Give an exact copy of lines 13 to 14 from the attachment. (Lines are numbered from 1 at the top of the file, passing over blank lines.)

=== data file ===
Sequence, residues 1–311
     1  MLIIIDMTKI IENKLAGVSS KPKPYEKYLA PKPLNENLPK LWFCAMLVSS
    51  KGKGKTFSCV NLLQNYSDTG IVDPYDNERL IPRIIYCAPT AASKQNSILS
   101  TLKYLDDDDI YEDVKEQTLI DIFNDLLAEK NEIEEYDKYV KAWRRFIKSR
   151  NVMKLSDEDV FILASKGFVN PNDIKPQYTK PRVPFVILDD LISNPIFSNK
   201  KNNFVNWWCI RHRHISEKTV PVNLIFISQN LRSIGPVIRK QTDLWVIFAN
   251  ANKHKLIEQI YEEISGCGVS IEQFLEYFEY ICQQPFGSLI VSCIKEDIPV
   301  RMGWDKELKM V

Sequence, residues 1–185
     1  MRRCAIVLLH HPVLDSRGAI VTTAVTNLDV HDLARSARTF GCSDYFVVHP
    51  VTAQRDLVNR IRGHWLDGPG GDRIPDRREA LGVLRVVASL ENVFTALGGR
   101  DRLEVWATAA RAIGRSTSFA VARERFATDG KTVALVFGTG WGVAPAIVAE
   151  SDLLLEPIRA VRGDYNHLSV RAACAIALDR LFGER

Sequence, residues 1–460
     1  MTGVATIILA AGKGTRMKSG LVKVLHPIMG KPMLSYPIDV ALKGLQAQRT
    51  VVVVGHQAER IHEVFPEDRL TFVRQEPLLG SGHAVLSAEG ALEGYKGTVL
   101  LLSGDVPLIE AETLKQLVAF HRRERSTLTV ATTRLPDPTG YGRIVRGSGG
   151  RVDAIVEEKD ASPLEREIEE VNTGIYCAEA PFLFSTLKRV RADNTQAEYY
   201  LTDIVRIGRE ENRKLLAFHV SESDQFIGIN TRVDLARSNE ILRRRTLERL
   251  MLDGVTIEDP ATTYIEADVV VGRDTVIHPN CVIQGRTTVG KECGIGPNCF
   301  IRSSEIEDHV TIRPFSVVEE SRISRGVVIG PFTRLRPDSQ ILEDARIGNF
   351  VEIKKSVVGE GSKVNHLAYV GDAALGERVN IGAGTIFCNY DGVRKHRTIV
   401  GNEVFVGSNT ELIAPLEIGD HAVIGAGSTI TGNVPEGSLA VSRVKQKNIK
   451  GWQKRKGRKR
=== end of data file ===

   151  SDLLLEPIRA VRGDYNHLSV RAACAIALDR LFGER

Sequence, residues 1–460